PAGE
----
Interview Hub




Jimmy Somerville No Longer Feels Contempt For Closeted Gay Artists - Video

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In an interview with The Guardian, Jimmy Somerville says that although he used to hold closeted gay artists in contempt, he now understands “that it’s up to the individual to decide who they are or what they are.”

The singer also talks about his teenage obsession with Donny Osmond and reveals that his falsetto voice did in fact once shatter glass during a sound-check in Newcastle.

Watch Somerville’s haunting 30th anniversary reprise of Bronski Beat classic Smalltown Boy, AFTER THE JUMP...

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Rupert Everett: Sexuality Has Been A Huge Issue In My Career - VIDEO

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In a recent interview, actor Rupert Everett has said that his sexuality has been a major issue throughout his career.

Speaking to The Daily Telegraph, Everett said:

“There’s only a certain amount of mileage you can make, as a young pretender, as a leading man, as a homosexual. There just isn’t very far you can go.”

Everett has courted controversy in the past by telling gay actors to stay in the closet and for coming out against same-sex families.

Currently in rehearsals for Peter Schaffer’s Amadeus at the Chichester Festival Theatre, London, Everett said of his role:

“I can see a lot of [Antonio Salieri ] in me. I have periods of intense bitterness and fury at the world and blame-throwing at everybody else. It’s a very easy thing to get into.”

On his problems with addiction, Everett says:

“I’m still probably not in the position to say 'no’. If you got out a gram of coke now and offered me a line, I’m sure I’d take one. But I wouldn’t seek one out and I know it’s not going to get me any place much. Weed, which I adore, I had to stop smoking, if only for learning Amadeus.”

The actor also talks candidly about how promiscuity in his early life had him terrified that he had contracted HIV.

In case you missed it, watch Everett's BBC interview in which he tells young gay actors to stay in the closet, AFTER THE JUMP...

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'Orange Is the New Black' Stars Laverne Cox and Selenis Leyva On Season Two, Becoming Advocates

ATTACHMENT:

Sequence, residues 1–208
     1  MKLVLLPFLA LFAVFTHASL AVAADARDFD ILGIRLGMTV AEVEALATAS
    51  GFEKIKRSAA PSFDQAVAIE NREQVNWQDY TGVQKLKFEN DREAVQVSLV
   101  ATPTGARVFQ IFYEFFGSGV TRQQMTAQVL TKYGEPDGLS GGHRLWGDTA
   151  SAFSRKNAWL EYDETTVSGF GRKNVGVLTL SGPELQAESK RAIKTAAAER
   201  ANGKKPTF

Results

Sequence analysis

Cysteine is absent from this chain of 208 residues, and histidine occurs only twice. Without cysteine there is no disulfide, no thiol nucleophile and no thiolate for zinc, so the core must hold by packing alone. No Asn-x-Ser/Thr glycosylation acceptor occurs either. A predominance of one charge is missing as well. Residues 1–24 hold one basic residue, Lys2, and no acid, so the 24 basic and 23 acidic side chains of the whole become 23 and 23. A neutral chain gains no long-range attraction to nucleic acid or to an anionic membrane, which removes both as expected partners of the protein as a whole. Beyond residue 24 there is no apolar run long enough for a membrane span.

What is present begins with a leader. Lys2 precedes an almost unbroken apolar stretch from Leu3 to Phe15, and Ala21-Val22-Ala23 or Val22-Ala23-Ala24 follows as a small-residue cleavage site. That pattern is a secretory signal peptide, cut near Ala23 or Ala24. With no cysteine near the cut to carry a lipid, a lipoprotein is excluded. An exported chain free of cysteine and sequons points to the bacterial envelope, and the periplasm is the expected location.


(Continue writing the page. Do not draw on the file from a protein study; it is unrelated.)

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Whether you gobbled up all the new episodes of Orange Is the New Black in one glorious binge session or you're rationing them out throughout your summer, you're in for a treat. The latest batch of episodes, streaming now on Netflix, have all of the heart, humor and depth of season one, but spread more widely among the show's stellar ensemble cast.

The second season shines a brighter spotlight on many faces that may have seemed background during the show's first 13 episodes. Season two dives deeper into characters like Poussey (Samira Wiley), Morello (Yael Stone) and Gloria (Selenis Leyva). Not only is Orange Is the New Black telling more of these complex stories, but it's showcasing even more diverse actresses in terms of sexuality, race and age.

Outside the show, these actresses are making a huge impact, as well. Laverne Cox, who portrays trangender inmate Sophia Burset, has become a vocal advocate for issues affecting the trans community. She's made apearances on Katie Couric's daytime talk show (twice), served as Grand Marshal of NYC Pride March and even stood proudly on the cover Time Magazine.

We sat down with Cox and Leyva to discuss their experience working on the show and their increasing profiles. See what they had to say, AFTER THE JUMP ...

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The Men Of 'La Bare' Reveal What's Behind the 'Magic Mike' Fantasy

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With a sequel and a stage musical in development, we haven’t seen the last of Magic Mike. If you need another fix of rippling abs and gyrating hips in the meantime, look no further than La Bare, a new documentary directed and produced by Magic Mike star Joe Manganiello.